Jennifer Rubin notes that President Obama comes in for criticism from some newspaper editorial boards today because he has chosen to campaign rather than negotiate.
The Post editorial board, which endorsed Obama in part because “the president understands the urgency of the problems as well as anyone in the country and is committed to solving them in a balanced way,” now warns: “Since his reelection, Mr. Obama has fueled a campaign-style effort to pressure Republicans to give ground on taxes. That’s fine, but it won’t be enough. At some point, he has to prepare the American people — and his own supporters most of all — for the ‘hard decisions’ required to put the country on a sound financial footing. That means spending cuts, it means entitlement reform, it means compromise, it means a balanced solution that will please neither House Speaker John A. Boehner (R-Ohio) nor Senate Majority Leader Harry Reid (D-Nev.). Only one person is in a position to make it happen.”
The Post’s editorial board is not alone. USA Today’s ed board also cautions that Democrats need to get serious on entitlement reform: “During Monday’s briefing at the White House, press secretary Jay Carney repeated the theme: ‘We should address the drivers of the deficit, and Social Security is not currently a driver of the deficit — that’s an economic fact.’ Well, saying it’s a fact doesn’t make it so.” Echoing Republicans’ current complaint, the USA Today editorial board asks, “How exactly do Democrats expect Republicans to bend on their destructive refusal to raise taxes if Democrats won’t bend on their destructive refusal to trim unsustainable benefit programs?”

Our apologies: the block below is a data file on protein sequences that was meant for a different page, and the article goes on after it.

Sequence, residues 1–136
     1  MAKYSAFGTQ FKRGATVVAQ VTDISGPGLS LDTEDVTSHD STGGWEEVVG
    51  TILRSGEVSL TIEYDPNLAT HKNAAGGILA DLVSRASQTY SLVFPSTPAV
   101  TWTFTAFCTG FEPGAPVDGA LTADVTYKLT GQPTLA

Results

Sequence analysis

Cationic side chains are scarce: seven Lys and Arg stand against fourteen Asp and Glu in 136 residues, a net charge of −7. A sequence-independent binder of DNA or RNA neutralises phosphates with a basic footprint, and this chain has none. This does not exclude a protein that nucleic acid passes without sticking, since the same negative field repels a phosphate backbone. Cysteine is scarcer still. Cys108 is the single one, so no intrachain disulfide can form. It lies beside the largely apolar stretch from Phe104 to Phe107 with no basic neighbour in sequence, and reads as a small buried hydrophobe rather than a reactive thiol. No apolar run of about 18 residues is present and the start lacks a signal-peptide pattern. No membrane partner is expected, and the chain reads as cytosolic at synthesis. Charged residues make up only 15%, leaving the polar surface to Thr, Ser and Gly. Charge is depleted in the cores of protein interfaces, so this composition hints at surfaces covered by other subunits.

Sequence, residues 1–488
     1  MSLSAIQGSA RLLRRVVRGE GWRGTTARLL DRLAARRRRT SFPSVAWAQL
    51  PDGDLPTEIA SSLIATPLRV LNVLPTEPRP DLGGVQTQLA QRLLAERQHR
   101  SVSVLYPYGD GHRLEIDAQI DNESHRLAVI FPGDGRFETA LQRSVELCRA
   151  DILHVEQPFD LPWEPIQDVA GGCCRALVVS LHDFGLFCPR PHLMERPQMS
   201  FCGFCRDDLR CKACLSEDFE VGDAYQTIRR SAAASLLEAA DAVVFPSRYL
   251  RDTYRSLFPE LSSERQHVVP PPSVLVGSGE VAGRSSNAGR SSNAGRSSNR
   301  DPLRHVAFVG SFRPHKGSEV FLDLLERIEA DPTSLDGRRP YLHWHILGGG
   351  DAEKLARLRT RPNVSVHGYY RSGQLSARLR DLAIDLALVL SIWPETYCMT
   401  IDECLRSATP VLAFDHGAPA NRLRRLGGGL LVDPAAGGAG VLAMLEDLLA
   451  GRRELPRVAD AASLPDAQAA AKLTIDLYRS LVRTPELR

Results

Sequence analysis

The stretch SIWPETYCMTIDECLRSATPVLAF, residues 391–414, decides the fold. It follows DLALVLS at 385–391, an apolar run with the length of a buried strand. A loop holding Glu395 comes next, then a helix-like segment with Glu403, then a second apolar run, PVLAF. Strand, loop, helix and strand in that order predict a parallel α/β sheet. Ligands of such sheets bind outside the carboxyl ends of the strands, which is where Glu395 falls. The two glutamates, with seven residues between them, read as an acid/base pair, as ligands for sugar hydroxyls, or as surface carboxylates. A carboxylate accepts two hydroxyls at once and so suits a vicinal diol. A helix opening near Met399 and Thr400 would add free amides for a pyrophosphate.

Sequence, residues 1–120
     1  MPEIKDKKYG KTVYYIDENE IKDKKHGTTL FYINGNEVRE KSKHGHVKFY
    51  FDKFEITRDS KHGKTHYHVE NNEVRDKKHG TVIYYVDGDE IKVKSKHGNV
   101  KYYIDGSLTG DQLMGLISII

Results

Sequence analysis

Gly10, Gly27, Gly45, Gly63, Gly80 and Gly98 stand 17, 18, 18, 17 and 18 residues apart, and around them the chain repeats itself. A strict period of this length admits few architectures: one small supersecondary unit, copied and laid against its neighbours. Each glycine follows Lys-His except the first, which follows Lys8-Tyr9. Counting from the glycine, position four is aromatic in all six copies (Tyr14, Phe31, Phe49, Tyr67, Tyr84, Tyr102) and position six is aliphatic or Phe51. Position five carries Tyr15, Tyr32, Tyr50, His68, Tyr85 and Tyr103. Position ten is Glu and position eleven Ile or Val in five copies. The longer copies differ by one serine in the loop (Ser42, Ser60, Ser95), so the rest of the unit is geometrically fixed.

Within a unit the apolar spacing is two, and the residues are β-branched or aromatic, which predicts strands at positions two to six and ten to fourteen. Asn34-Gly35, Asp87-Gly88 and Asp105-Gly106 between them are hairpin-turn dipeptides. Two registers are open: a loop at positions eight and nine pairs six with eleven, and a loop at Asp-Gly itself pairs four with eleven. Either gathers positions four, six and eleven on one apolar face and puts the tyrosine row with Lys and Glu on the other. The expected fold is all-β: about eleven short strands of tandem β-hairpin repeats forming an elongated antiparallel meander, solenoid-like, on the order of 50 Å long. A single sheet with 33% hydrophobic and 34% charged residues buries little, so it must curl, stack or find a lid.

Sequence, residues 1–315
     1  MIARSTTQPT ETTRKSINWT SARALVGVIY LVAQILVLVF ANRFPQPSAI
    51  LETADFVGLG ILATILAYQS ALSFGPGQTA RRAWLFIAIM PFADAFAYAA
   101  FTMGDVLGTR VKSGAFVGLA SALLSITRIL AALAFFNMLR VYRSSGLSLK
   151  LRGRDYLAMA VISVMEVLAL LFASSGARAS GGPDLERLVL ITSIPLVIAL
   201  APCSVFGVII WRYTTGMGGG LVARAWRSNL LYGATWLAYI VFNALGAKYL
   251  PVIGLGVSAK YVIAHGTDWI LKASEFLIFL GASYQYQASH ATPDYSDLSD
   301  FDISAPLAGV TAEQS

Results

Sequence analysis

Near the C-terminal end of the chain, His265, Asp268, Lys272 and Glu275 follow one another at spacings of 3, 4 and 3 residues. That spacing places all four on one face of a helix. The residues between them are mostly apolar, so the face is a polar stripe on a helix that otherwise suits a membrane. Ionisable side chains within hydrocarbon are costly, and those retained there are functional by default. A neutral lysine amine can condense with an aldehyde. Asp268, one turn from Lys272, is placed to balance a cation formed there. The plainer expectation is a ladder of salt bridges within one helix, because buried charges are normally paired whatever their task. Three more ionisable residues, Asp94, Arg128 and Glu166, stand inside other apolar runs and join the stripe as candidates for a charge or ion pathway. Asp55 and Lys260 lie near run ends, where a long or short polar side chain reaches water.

Where did the Post ever get the idea that Obama “understands the urgency of the problems as well as anyone in the country and is committed to solving them” in a balanced or any other way? Where? Obama does not believe and does not say that hiking taxes on the rich will fix anything. Other Democrats claim that raising taxes back to the Clinton-era rates will help, but Obama himself is campaigning to keep the Bush-era tax cuts in place. Obama has no experience solving any problem of any scale, ever. He was a shakedown artist who decided that politics would allow him to perpetrate his shakedowns on a grander scale (and he was right!). Obama’s opponent, whom the Post rejected, was a man known for fixing huge economic problems. Mitt Romney’s entire professional career consisted of fixing things other people had screwed up. But Obama successfully cast him as a vulture capitalist meanie, with the Post’s help. The only place from the which the Post could possibly have drawn the conclusion that Obama is interested and capable of fixing anything is from its own collective posterior.
These editorials will have precisely zero impact on Zero’s strategy or thinking. He’s playing a longer game than anyone in the mainstream media will admit, whether they know what he’s up to or not. They won’t admit that Obama is setting the table for a crisis that he has no intention of letting go to waste.